All News / Recalls /

First E. coli Lawsuit filed in Kroger Tainted Ground Beef Recall

The first E. coli lawsuit stemming from the Ohio and Michigan E. Coli outbreak was filed today in the Court of Common Pleas in Franklin County, OH against Kroger and its as yet unidentified meat supplier (“John Doe”). [An amended complaint naming Nebraska Beef Ltd was filed on July 2, 2008.] The complaint was filed on behalf of a New Albany resident who was infected with the toxic E. coli strain O157:H7 after eating ground beef purchased from a Dublin, Ohio Kroger. The plaintiff is represented by Marler Clark, a Seattle law firm dedicated to representing victims of foodborne illness, and by Nicholas Philips of the Cleveland area firm of Phillips, Mille and Constabile.

The lawsuit states that the plaintiff purchased beef patties from the Kroger at 7100 Perimeter Loop Road in Dublin on June 4. She cooked and consumed the beef that same day. She began feeling ill on June 8, and over the next two days her symptoms became increasingly severe. By June 10, she was experiencing intense nausea, vomiting, diarrhea, and abdominal cramps. She was admitted to the hospital, where she tested positive for E. coli O157:H7. She was released on June 12, and continues to recover from her illness.

E. coli illnesses began showing up in central Ohio in mid-June. This was paralleled by a sharp increase in E. coli cases in Michigan. By June 20, officials had genetically linked many of the Ohio and Michigan cases; the days that followed, the outbreak was traced to ground beef from Kroger stores. With illnesses nearing 30, Kroger initiated a voluntary recall on June 25. The products subject to recall include all varieties and weights of ground beef products bearing a Kroger label sold between May 21 and June 8 at Michigan stores, as well as Kroger stores in Columbus and Toledo, Ohio. These ground beef products are marked with a sell-by date between 05/21/08 and 06/08/08.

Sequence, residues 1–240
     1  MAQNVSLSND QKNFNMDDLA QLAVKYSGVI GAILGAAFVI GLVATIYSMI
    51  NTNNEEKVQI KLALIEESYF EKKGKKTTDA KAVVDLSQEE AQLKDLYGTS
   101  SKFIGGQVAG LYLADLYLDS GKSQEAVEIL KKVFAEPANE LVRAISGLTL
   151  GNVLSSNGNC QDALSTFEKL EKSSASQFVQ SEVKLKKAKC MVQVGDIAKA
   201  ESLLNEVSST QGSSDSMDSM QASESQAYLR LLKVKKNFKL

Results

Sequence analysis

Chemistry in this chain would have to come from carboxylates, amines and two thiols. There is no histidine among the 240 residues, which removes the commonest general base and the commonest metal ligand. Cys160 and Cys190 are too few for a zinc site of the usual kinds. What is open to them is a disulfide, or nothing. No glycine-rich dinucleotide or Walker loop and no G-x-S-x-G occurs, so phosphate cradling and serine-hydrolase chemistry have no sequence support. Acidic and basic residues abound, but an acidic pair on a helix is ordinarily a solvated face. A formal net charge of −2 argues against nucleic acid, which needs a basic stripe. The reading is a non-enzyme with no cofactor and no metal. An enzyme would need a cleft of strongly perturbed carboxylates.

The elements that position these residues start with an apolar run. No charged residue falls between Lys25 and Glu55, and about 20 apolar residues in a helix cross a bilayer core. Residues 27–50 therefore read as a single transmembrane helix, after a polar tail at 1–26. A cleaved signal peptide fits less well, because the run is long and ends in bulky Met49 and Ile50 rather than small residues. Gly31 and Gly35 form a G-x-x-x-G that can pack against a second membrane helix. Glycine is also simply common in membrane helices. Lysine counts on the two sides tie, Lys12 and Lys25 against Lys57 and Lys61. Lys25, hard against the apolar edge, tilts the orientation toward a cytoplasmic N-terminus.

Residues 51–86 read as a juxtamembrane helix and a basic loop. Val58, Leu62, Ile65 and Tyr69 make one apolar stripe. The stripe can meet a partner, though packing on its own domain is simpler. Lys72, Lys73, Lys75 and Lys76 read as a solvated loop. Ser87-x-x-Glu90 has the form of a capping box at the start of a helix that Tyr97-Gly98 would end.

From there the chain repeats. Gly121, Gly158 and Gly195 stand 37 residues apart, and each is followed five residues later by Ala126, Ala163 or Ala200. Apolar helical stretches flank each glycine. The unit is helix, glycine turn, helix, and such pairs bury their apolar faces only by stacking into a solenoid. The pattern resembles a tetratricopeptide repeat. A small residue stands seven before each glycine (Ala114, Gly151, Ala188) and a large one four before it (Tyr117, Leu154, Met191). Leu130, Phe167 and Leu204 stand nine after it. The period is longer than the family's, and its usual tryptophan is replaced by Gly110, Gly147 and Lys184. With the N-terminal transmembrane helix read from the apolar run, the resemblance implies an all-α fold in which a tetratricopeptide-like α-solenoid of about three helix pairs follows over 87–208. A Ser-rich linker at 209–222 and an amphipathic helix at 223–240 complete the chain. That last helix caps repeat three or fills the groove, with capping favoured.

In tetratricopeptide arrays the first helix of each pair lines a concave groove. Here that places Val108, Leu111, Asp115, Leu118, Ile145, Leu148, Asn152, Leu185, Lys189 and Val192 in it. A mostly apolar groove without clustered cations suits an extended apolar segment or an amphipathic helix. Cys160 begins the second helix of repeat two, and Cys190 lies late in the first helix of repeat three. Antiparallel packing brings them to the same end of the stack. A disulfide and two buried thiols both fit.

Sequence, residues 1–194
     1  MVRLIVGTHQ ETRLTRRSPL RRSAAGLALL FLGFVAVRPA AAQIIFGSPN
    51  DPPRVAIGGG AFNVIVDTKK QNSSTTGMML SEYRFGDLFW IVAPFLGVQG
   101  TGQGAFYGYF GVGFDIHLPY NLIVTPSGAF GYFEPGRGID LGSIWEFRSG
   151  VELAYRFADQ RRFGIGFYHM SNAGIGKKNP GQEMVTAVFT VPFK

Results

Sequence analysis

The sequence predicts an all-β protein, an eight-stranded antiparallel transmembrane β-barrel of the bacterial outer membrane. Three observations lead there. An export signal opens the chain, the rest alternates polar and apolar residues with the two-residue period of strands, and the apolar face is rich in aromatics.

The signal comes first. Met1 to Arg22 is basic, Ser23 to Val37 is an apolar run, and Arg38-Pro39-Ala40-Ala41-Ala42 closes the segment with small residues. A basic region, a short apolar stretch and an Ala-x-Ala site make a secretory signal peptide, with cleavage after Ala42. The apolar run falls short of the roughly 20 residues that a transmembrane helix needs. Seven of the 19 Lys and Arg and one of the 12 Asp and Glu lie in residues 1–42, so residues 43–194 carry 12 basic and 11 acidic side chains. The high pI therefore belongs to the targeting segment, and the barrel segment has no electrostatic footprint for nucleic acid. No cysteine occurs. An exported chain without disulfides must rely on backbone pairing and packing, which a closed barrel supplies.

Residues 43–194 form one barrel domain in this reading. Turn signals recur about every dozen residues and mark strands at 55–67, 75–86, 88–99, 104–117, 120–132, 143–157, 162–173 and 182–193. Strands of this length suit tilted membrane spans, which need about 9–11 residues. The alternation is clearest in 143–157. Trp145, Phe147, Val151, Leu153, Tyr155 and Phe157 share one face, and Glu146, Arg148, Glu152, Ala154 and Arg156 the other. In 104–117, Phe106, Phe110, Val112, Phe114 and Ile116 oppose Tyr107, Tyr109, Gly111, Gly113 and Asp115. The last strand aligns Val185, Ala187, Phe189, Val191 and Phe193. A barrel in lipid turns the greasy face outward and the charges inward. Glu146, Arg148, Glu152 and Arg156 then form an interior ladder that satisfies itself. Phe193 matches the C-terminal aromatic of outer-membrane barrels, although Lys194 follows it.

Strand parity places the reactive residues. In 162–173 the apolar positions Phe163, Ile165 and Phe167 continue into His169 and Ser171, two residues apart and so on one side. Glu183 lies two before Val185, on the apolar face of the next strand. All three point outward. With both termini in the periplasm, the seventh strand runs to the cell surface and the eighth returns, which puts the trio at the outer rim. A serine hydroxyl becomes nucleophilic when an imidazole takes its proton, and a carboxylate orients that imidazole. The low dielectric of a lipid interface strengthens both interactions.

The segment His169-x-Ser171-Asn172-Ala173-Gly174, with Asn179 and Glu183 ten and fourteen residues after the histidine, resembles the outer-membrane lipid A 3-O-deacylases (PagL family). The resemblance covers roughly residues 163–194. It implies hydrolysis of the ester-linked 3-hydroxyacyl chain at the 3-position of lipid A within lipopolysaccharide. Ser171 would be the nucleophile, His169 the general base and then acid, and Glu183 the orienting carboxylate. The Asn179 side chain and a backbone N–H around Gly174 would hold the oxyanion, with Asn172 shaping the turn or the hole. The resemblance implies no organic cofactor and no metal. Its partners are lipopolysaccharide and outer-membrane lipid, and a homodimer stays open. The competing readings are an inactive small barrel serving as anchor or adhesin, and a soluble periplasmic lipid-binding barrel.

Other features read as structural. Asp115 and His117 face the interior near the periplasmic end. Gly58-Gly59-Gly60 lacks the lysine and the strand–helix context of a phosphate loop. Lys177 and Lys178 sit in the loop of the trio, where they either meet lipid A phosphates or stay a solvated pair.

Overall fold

Since the spring of 2007 over 34 million pounds of E. coli contaminated beef has been recalled by different companies. Kroger has recalled beef and beef products at least five times over the last seven years:

• 2001: Excel Corporation of Newnan, GA recalled 190,000 pounds of fresh ground beef and pork that had been distributed to Kroger stores in Alabama, Georgia, Kentucky, South Carolina, and Tennessee.

• 2002: Kroger stores in 18 states recalled ConAgra ground beef products. In all, 18.6 million pounds of beef was recalled. 45 People in 23 states became ill with E. coli from the tainted meat. One woman in Ohio died.

• 2002 - One store in Arkansas recalled 240 pounds ground beef, no illnesses.

• 2003: Green Bay Dressed Beef doing business as American Foods Group recalled 106,000 pounds of fresh and frozen ground beef products distributed under the Kroger logo.

• 2007 - United Food Group recalled 5.7 million pounds of beef, including ground beef sold at Kroger.

The attorneys of Marler Clark have been involved in representing victims of E. coli infection since 1993. They have worked closely with co-counsel, Nicholas Phillips, on past outbreak Ohio litigation.

Get Help

Affected by an outbreak or recall?

The team at Marler Clark is here to answer all your questions. Find out if you’re eligible for a lawsuit, what questions to ask your doctor, and more.

Get a free consultation
Related Resources
E. coli Food Poisoning

What is E. coli and how does it cause food poisoning? Escherichia coli (E. coli) is a highly studied, common species of bacteria that belongs to the family Enterobacteriaceae, so...

E. coli O157:H7

E. coli O157:H7 is a foodborne pathogen that causes food poisoning. E. coli O157:H7 is the most commonly identified and the most notorious Shiga toxin-producing E. coli (STEC) serotype in...

Non-O157 STEC

Non-O157 Shiga Toxin-Producing E. coli can also cause food poisoning. E. coli O157:H7 may be the most notorious serotype of Shiga toxin-producing E. coli (STEC), but there are at least...

Sources of E. coli

Where do E. coli O157:H7 and non-O157 Shiga toxin-producing E. coli (STEC) come from? The primary reservoirs, or ultimate sources, of E. coli O157:H7 and non-O157 STEC in nature are...

Transmission of and Infection with E. coli

While many dairy cattle-associated foodborne disease outbreaks are linked to raw milk and other raw dairy products (e.g., cheeses, butter, ice cream), dairy cattle still represent a source of contamination...

Outbreak Database

Looking for a comprehensive list of outbreaks?

The team at Marler Clark is here to answer all your questions. Find out if you’re eligible for a lawsuit, what questions to ask your doctor, and more.

View Outbreak Database